The infectious scleritis usually follows accidental or surgical trauma, endophthalmitis, or may occur as an extension of a primary corneal infection [9]. In our case, the patient presented hypertensive anterior uveitis, with diffuse keratic precipitates, preceding the scleritis. This uveitis was probably associated with herpetic viral disease, supported by the response to valacyclovir, and later by the PCR of the aqueous humor which confirmed the presence of VZV. Although VZV infections of the eye are predominantly related to the cornea and ocular adnexa, they have also been implied in cases of scleritis [10].

In a large retrospective study, Gonzalez-Gonzalez et al. found that patients with herpetic scleritis were predominately middle-aged females with unilateral findings and moderate pain [11]; our patient fulfills this profile, although herpetic scleritis is more likely to be diffused than nodular [11]. Usually, infectious scleritis by herpes virus has longer resolution time compared to noninfectious scleritis [12], which is consistent with the clinical course of our patient.

The infectious scleritis due to VZV likely triggered an immune response that also accounted for the inflammation [13], in a patient with a positive HLA-B27. This fact may explain the development of scleritis even under antiviral therapeutic. The virally induced autoimmune reaction is thought to be linked to the release of sequestered self-antigens after virally induced tissue damage and molecular mimicry between viral and self-peptides; this phenomenon involves an immune-complex vasculitis of the eye, similar to other organs such as skin [14].

The clinical resolution of scleritis using immunosuppressive therapy (methotrexate), in a HLA-B27 positive patient, argues in favor of an underlying autoimmune process; on the other hand, the detection of viral DNA in the aqueous humor and the patient’s response to antiviral medication strongly support the infectious etiology.

In conclusion, it is critical for eye care professionals to maintain infectious etiologies in their differential diagnosis. This report suggests that cases of nodular scleritis after reactivation of latent VZV infection may also present an immune-mediated component. The PCR analysis of the aqueous humor was revealed to be a valuable technique and should be considered in cases of scleritis with poor response to anti-inflammatory treatment.

Competing Interests

There are no competing interests to declare.

References

  1. P. G. Watson and S. S. Hayreh, “Scleritis and episcleritis,” British Journal of Ophthalmology, vol. 60, no. 3, pp. 163–191, 1976. View at: Publisher Site | Google Scholar
  2. C. S. Foster and M. Sainz de la Maza, The Sclera, Springer, New York, NY, USA, 1994. View at: Publisher Site
  3. V. Jain, P. Garg, and S. Sharma, “Microbial scleritis—experience from a developing country,” Eye, vol. 23, no. 2, pp. 255–261, 2009. View at: Publisher Site | Google Scholar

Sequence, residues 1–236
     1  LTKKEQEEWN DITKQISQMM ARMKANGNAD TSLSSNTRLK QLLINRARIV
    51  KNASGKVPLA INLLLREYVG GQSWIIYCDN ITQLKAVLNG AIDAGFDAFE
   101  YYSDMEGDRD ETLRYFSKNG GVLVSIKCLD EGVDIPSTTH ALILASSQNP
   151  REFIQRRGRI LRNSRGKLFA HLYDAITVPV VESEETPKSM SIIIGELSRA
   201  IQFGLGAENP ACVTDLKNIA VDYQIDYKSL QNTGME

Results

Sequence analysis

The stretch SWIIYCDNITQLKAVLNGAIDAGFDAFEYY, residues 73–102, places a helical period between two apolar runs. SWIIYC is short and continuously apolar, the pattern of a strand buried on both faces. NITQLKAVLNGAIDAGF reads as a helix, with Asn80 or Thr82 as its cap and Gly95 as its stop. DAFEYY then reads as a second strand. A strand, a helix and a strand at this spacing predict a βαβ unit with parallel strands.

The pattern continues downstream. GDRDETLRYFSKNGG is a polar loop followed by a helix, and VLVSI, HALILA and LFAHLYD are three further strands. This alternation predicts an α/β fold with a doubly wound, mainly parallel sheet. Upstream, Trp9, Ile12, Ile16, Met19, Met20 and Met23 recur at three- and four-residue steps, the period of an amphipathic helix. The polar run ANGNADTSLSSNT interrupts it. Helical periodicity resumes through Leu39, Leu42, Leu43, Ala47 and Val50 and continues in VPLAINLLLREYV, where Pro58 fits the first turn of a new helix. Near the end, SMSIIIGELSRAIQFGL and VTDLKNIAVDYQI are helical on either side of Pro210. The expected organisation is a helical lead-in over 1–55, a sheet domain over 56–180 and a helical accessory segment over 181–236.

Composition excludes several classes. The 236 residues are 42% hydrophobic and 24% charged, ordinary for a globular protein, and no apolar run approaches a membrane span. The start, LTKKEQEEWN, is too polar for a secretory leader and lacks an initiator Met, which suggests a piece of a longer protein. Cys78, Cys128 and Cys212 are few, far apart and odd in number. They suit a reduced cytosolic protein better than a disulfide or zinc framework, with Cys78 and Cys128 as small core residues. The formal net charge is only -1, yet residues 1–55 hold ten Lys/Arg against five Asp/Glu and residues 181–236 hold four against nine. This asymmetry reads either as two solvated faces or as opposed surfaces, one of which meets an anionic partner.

4. D. A. Jabs, A. Mudun, J. P. Dunn, and M. J. Marsh, “Episcleritis and scleritis: clinical features and treatment results,” American Journal of Ophthalmology, vol. 130, no. 4, pp. 469–476, 2000. View at: Publisher Site | Google Scholar
  5. M. S. de la Maza, N. S. Jabbur, and C. S. Foster, “Severity of scleritis and episcleritis,” Ophthalmology, vol. 101, no. 2, pp. 389–396, 1994. View at: Publisher Site | Google Scholar
  6. S. J. Tuft and P. G. Watson, “Progression of scleral disease,” Ophthalmology, vol. 98, no. 4, pp. 467–471, 1991. View at: Publisher Site | Google Scholar
  7. S. Kumar Sahu, S. Das, S. Sharma, and K. Sahu, “Clinico-microbiological profile and treatment outcome of infectious scleritis: experience from a tertiary eye care center of India,” International Journal of Inflammation, vol. 2012, Article ID 753560, 8 pages, 2012. View at: Publisher Site | Google Scholar
  8. M. A. Barqi, A. Behrens, and A. M. Alfawaz, “Clinical features and visual outcomes of scleritis patients presented to tertiary care eye centers in Saudi Arabia,” International Journal of Ophthalmology, vol. 8, no. 6, pp. 1215–1219, 2015. View at: Google Scholar
  9. M. G. Reynolds and E. Alfonso, “Treatment of infectious scleritis and keratoscleritis,” American Journal of Ophthalmology, vol. 112, no. 5, pp. 543–547, 1991. View at: Publisher Site | Google Scholar
  10. P. V. Bhat, F. A. Jakobiec, K. Kurbanyan, T. Zhao, and C. S. Foster, “Chronic herpes simplex scleritis: characterization of 9 cases of an underrecognized clinical entity,” American Journal of Ophthalmology, vol. 148, no. 5, pp. 779–789.E2, 2009. View at: Publisher Site | Google Scholar
  11. L. A. Gonzalez-Gonzalez, N. Molina-Prat, P. Doctor, J. Tauber, M. T. Sainz De La Maza, and C. S. Foster, “Clinical features and presentation of infectious scleritis from herpes viruses: a report of 35 cases,” Ophthalmology, vol. 119, no. 7, pp. 1460–1464, 2012. View at: Publisher Site | Google Scholar
  12. S. J. Ahn, J. Y. Oh, M. K. Kim, J. H. Lee, and W. R. Wee, “Clinical features, predisposing factors, and treatment outcomes of scleritis in the Korean population,” Korean Journal of Ophthalmology, vol. 24, no. 6, pp. 331–335, 2010. View at: Publisher Site | Google Scholar
  13. R. J. Marsh and M. Cooper, “Ophthalmic herpes zoster,” Eye, vol. 7, no. 3, pp. 350–370, 1993. View at: Publisher Site | Google Scholar
  14. C. Livir-Rallatos, Y. El-Shabrawi, P. Zatirakis, P. E. Pellett, F. R. Stamey, and C. S. Foster, “Recurrent nodular scleritis associated with varicella zoster virus,” American Journal of Ophthalmology, vol. 126, no. 4, pp. 594–597, 1998. View at: Publisher Site | Google Scholar

Copyright © 2016 Mónica Loureiro et al. This is an open access article distributed under the Creative Commons Attribution License, which permits unrestricted use, distribution, and reproduction in any medium, provided the original work is properly cited.


More related articles

 PDF Download Citation Citation
 Download other formatsMore
 Order printed copiesOrder
Views2756
Downloads770
Citations

Related articles

We are committed to sharing findings related to COVID-19 as quickly as possible. We will be providing unlimited waivers of publication charges for accepted research articles as well as case reports and case series related to COVID-19. Review articles are excluded from this waiver policy. Sign up here as a reviewer to help fast-track new submissions.